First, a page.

“Where’s the beef?” Carin can tell you it’s not in the Beyond Meat burger, which uses advanced food science to create a more sustainable future through reducing meat consumption. Carin worked there to develop meat-substitutes with defined physical properties that end up being Tasty. She’s now focused on root slime (mucilage) and how this mysterious substance helps roots interact with the abiotic and biotic world.
Kevin Shih, Stanford Biochemistry PhD Student
A picture is worth a thousand words, but to Kevin, it’s much more interesting to take a thousand pictures. Kevin is an avid photographer but his interest in the lives of other organisms goes beyond that and he is now focused on studying the underground lives of root-associated microbes using advanced engineering approaches and confocal microscopy. Stay tuned for his next cover-worthy picture.
Andrea Dinneny, Research Scientist
When she’s not working at the bench, Andrea manages ordering and receiving and has made sure we have not run out of supplies despite the chaos the pandemic has had on the global supply chain. If we have pipette tips in the lab, thank Andrea!
Willian Viana, Stanford Biology PhD Student
Will is originally from Içara, a small town in southern Brazil and went to undergrad at the Federal University of Santa Catarina. Many moons ago, will completed a summer internship at the Carnegie Institution for Science in the Dinneny Lab, and enjoyed it so much that he applied for graduate school at Stanford (his words not mine)–Go us! Now a full member of the lab, Will is interested in understanding the mechanisms by which grasses regulate crown root development using Setaria as a model system.
Andrea Ramirez, Stanford Biology PhD Student
Andrea also grew up in Southern California in the town of Inglewood, home to Randy’s Donuts, though her favorite donut shop is still Yum Yum donuts. She moved north to earn her undergraduate degree at UC Santa Cruz and further north to do her PhD at Stanford. Andrea is now building a root anatomical atlas of diverse species in the Brassicaceae family to understand how innovation in tissue functions help plants survive under stressful conditions.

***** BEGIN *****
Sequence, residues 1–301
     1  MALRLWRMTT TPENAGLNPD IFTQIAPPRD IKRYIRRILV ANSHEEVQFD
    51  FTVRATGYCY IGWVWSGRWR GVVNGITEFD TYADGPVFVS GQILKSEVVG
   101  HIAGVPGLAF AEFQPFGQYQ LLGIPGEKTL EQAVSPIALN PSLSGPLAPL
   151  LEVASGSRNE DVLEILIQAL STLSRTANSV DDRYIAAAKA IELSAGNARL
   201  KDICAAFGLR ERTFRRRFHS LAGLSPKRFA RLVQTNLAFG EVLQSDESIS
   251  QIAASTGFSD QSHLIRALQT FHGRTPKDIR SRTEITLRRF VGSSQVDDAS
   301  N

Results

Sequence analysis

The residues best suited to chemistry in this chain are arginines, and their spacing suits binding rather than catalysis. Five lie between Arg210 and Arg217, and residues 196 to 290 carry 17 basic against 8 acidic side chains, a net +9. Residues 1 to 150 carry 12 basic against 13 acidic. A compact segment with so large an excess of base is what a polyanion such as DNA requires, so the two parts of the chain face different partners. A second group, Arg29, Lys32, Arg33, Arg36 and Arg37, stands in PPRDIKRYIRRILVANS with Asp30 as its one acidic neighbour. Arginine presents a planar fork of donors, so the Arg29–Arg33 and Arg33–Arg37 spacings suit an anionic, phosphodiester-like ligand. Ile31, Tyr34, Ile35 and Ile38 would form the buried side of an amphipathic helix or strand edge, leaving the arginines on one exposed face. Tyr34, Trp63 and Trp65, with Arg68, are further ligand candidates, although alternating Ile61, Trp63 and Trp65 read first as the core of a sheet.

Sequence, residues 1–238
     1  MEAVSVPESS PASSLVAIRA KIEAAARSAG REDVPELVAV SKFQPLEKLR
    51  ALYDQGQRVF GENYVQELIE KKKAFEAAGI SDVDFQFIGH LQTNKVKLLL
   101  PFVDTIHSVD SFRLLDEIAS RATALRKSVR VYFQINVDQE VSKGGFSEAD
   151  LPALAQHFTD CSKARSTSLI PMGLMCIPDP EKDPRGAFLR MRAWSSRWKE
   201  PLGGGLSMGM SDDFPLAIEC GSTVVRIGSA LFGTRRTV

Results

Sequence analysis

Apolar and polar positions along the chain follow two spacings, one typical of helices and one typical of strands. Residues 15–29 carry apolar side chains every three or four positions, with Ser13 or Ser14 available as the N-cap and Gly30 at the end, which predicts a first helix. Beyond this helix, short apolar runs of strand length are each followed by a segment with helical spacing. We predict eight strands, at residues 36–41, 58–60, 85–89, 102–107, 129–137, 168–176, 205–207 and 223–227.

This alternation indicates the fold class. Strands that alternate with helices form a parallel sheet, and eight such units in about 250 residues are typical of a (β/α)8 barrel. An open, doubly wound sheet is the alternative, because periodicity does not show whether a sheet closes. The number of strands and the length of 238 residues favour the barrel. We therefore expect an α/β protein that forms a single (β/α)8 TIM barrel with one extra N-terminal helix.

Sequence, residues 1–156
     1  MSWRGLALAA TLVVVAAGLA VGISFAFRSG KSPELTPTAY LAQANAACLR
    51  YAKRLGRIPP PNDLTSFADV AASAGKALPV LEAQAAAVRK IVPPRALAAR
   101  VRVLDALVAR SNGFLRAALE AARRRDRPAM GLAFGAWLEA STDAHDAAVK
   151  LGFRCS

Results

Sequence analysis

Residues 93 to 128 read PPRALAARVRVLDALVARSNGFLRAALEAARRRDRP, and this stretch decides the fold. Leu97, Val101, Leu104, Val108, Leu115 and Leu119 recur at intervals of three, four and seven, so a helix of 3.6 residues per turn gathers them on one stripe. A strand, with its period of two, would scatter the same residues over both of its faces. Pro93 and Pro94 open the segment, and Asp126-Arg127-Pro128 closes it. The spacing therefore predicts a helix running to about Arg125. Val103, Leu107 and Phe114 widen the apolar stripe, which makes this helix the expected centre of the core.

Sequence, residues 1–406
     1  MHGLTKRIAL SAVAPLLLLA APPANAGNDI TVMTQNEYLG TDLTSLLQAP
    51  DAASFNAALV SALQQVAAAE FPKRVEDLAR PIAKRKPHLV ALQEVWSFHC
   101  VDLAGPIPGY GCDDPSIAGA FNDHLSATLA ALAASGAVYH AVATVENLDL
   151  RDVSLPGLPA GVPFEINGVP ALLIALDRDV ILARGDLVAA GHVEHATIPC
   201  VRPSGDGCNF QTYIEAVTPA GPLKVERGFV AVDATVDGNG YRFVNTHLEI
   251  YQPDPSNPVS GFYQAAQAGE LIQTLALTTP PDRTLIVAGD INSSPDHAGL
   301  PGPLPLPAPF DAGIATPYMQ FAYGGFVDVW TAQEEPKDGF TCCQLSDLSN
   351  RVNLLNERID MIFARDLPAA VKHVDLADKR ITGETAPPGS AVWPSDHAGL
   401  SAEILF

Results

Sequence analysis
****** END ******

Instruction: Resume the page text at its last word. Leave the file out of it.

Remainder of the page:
Prashanth Ramachandran, Post-doc
Prashanth grew up in Chennai, India and then moved to Sweden to do his PhD studying the role of the stress hormone ABA in regulating the patterning of xylem in roots. Clearly preferring a more equatorial latitude, he joined our group to explore how species differ in their ABA-regulated gene networks and how this divergence affects root growth. Surprisingly, how ABA affects growth is markedly different between species, which highlights this signaling pathway as an important place to focus efforts on understanding how plants are able to grow in different environmental contexts.
Chris Dundas, Post-doc, TomKat Sustainability Fellow
Chris grew up in the North Eastern part of the USA and then traveled south-by-southwest to do his PhD at UT Austin where he developed engineering strategies for an electroactive species of soil bacteria. Chris is now moving from shocking to ground breaking discoveries and is leading an effort to understand how rhizosphere associated bacteria can be used to manipulate sink-source relationships in the plant to increase the delivery of carbon below ground.
Ziggy Rocco Dinneny, lab mascot and friend to all
Ziggy is a corgi with a big personality and fondness for human companionship. When he is not playing with the Dinneny family at home he enjoys coming to lab BBQs and sneaking a bone from unsuspecting children. Due to the lack of opposable thumbs, his pipetting skills are lacking but he does enjoy digging below ground to see what is hidden behind the veil of soil.